This article was written by Brian Scudamore, a passionate entrepreneur & people person – turning ordinary ‘everything’ into exceptional.
So what is a “Finish the race attitude?” Well, attitude is defined as “A way of feeling or acting toward a person, thing or situation” and “finish the race,” is getting things done!
In this article, I want to talk about the three steps to having a “finish the race attitude:” goal setting, goal execution and goal completion.
Dr. Gail Matthews, a psychology professor at the Dominican University in California, recently studied the art and science of goal setting. She gathered 267 people together – men and women from all over the world, and from all walks of life, including entrepreneurs, educators, healthcare professionals, artists, lawyers and bankers. She divided the participants into groups, according to who wrote down their goals and dreams, and who didn’t.
She discovered that those who wrote down their goals and dreams on a regular basis achieved those desires at a significantly higher level than those who did not. In fact, she found that you become 42 per cent more likely to achieve your goals and dreams, simply by writing them down on a regular basis. So for those of you that do write down your goals ask yourself these questions:
Do you review them monthly? Do you review them weekly? Do you review them daily?
Why daily? The key is to look at what you are doing on a daily basis to see if it’s aligned with your goals. If it is great, if it’s not then ask yourself, “Should I be doing this?”
So remember, when goal setting – write it!
The second step is goal execution. Fine, so I’ve written my goal down but it’s so big, so overwhelming I just don’t know where to start. As the old saying goes, “How do you eat an elephant? One piece at a time.” In 2010, I undertook to run 250 marathons in one year.
Initially, the excitement of the challenge and the fact that I had people join me on the run kept me going. However, after a few months, the excitement and the people disappeared.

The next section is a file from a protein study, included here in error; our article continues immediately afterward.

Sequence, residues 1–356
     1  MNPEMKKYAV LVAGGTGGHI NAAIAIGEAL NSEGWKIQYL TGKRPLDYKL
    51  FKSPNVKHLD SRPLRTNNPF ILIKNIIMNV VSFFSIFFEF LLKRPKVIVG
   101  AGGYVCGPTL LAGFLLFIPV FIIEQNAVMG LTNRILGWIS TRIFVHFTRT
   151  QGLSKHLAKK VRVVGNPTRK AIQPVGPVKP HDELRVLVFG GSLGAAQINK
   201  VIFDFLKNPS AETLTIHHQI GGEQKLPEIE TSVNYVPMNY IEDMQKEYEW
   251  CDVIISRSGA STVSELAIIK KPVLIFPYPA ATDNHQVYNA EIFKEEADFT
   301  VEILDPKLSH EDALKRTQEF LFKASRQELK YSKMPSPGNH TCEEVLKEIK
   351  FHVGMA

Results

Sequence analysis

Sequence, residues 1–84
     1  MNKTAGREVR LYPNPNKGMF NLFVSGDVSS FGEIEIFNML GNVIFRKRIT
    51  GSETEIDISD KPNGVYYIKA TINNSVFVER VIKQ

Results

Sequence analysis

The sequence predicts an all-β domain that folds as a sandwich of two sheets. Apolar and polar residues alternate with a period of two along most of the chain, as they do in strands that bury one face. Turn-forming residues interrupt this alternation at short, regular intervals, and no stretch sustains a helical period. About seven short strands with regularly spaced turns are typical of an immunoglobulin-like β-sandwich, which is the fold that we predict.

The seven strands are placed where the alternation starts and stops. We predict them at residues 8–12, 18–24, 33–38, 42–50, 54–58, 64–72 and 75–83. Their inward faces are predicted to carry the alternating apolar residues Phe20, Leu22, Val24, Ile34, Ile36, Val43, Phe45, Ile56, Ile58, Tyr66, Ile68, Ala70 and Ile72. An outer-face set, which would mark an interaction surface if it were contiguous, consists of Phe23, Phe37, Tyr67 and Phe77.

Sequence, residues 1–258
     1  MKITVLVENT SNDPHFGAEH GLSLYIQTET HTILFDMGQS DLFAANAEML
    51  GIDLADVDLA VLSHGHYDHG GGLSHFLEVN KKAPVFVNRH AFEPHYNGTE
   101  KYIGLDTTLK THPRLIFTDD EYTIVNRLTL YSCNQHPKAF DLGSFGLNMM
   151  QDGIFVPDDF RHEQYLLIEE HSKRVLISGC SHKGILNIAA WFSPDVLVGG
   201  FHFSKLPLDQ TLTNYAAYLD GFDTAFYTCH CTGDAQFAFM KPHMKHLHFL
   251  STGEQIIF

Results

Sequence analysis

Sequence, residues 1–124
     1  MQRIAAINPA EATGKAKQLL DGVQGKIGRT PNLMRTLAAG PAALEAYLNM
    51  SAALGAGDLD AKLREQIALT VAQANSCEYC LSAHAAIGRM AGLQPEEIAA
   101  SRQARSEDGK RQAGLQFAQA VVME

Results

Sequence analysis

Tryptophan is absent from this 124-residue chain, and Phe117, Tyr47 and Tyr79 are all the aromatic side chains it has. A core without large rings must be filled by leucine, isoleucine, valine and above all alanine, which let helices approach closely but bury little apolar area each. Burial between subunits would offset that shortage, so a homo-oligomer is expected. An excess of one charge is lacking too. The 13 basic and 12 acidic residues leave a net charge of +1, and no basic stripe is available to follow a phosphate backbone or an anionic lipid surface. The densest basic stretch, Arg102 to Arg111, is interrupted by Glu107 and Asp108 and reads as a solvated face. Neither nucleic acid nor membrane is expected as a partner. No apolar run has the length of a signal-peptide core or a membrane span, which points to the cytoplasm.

It wasn’t so much a physical challenge as a mental one. I was running five marathons a week and by mid-year I was literally running on empty. I remember waking up at 5 a.m. after running four marathons that week. The rain was pounding on the bedroom window on I just wanted to stay in bed, have a cup of tea and read the newspaper. The only way I could face the day was by “Chunking it down” in 10-minute blocks.
I got up and in the first 10 minutes had a tea and breakfast. Then, for the next 10 minutes, I’d go and just dress up in running gear, no harm in that. The rain was still pounding down. Next, I’d get in my car and take a 10-minute drive to where I would start my run. Next was the difficult 10 minutes. I’d then say to myself “Martin just go and run for 10 minutes, if you don’t like it then turn around and come back.”
Well, after 10 minutes I was out there and turning around was not an option. Chunk it down. Use the technique on anything you’re tackling: Blogs, newsletter, cold calls and even writing a book.
So remember. In goal execution – chunk it!
The third step is goal completion. At the end of the day you’ve either successfully completed your goal or you haven’t. One of the hardest things is to take on something and it doesn’t work out.
In 2013, I set a goal of running the Calgary Marathon while attempting to set a Guinness World Record for the fastest time in full lacrosse gear. The purpose being to raise $10,000 for Right To Play. The rules stipulated that it had to be under four hours and I had to wear a helmet, elbow pads, shoulder pads, and gloves while carrying a lacrosse stick and ball.
On race day, the temperature started at 15C and increased to 20C. My black helmet, probably not the best colour, became an oven. I started to overheat and my heart rate went through the roof. Up to the 38 km marker my pace was on target but then the wheels came off. I was dizzy and my legs went to rubber. I crossed the line at four hours 18 minutes and they rushed me into the medical tent.
Nelson Mandela said, “I never lose, I either win or learn.” So what did I learn? Well, it was probably one of the stupidest goals I’ve ever set however from a fundraising point of view it was a success. I think I got a number of “Pity Donations.” The temperature had done me in and there wasn’t a lot I could do about that. Sometimes when you take on something and given it your best shot it still doesn’t work out. The key, accept and move on. That’s why, when we do have successes, it’s so important to celebrate them along the way.
So remember. In goal completion: celebrate it!
In finishing, I want to leave you with three “Its.” In goal setting – write it, in goal Execution – chunk it, and in goal completion – Celebrate it.
If you follow these three steps, then you will be well on your way to having a “finish the race attitude.”
This article was written by Martin Parnell, a keynote speaker, author, 5 time Guinness World Record holder, world class endurance athlete and philanthropist.